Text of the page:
As many in academics have come to realize, the old stand-by method of assigning reading, lecturing on material and then testing students is inefficient and, under many circumstances, ineffective.
One method that has evolved to break out of this archaic routine is team-based learning. This process of teaching in many respects breaks multiple rules of the old-fashioned model, allowing students to work in class as teams to collaborate on discovering the best answers to questions through discussion and consensus.
When structured properly, these teams should be permanent and as diverse as possible. In an academic environment, this would include students from various academic years and majors. In a business training environment, such diversity would include team members from across a company’s or organization’s various departments.
Team-based learning is broken down into modules taught in three parts: preparation, a test that determines pre-class readiness, and an application-focused exercise. These are applied through five components.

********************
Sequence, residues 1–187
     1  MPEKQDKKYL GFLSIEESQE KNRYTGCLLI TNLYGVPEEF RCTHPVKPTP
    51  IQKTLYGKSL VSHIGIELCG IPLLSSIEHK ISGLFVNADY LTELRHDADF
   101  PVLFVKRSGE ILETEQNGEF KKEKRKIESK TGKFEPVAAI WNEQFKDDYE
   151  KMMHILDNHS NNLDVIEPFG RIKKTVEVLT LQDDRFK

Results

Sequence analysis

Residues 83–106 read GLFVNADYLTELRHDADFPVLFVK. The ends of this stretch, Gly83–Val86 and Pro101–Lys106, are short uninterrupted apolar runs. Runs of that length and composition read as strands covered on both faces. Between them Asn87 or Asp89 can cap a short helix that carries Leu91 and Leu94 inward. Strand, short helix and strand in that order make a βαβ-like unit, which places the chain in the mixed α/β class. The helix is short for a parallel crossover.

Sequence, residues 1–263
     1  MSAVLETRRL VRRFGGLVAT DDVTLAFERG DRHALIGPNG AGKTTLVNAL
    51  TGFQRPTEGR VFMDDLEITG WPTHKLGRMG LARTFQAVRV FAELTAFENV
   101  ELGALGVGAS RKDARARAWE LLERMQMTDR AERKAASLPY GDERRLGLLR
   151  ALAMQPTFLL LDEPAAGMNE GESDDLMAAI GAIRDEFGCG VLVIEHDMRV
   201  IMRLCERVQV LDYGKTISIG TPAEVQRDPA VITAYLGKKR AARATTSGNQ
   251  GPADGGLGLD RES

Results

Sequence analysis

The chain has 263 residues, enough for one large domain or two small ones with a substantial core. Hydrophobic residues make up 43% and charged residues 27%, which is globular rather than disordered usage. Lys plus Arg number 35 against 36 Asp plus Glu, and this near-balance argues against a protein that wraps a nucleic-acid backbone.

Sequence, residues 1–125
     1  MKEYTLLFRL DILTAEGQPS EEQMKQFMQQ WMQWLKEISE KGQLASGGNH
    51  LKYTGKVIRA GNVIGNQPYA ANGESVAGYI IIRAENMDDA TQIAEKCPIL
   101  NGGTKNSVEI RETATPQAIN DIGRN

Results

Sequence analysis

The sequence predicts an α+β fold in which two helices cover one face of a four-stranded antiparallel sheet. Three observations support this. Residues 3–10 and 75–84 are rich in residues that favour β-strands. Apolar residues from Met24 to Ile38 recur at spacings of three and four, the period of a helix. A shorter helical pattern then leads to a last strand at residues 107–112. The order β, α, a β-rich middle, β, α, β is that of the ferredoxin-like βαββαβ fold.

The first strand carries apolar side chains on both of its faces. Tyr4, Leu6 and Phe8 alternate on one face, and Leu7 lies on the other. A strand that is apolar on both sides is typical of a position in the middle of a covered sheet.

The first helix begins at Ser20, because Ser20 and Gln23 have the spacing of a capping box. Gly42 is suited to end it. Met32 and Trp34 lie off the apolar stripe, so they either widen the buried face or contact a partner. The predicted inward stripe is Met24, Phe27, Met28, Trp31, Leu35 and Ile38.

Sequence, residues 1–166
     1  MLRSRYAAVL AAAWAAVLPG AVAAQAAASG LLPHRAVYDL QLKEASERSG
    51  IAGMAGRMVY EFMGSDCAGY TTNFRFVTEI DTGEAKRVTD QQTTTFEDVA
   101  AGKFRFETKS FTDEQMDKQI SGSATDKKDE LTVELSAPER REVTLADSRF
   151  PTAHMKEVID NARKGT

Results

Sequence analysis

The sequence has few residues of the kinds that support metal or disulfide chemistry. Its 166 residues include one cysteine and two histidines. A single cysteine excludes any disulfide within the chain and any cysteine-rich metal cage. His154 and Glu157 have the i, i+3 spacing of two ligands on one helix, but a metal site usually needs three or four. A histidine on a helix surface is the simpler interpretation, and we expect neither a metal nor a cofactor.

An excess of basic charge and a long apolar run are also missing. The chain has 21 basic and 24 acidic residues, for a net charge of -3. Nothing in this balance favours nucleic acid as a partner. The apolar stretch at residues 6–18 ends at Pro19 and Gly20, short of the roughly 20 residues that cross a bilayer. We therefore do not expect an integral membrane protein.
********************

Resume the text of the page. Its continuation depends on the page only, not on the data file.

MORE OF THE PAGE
- Individual pre-work – This component consists of advance readings, presentations, or video or audio lectures.
- Individual Readiness Assurance Tests (IRAT) – Trainees take an individual, 20-question quiz based on the pre-work.
- Team Readiness Assurance Test (TRAT) – After taking the IRAT, teams then retake the same test together, submitting answers either via a scratch card that reveals correct answers or using audience response technology and software. Scores from both tests count toward a student’s final grade.
- Clarification Session – In this phase, trainees can ask for clarification on points covered in the testing, as well as rate the quality of the multiple-choice questions, suggest changes and even lodge an appeal regarding questions they might have missed.
- Application Exercises – All trainee groups are assigned the same problem to work on collaboratively using the information on which they were just tested. Answers must be based on a group consensus and displayed to classmates, and teams can then discuss or debate the results with the instructor acting as facilitator.
In addition, peer evaluation is an optional sixth stage, in which students can assess the performance of their teammates at the middle or end of the course.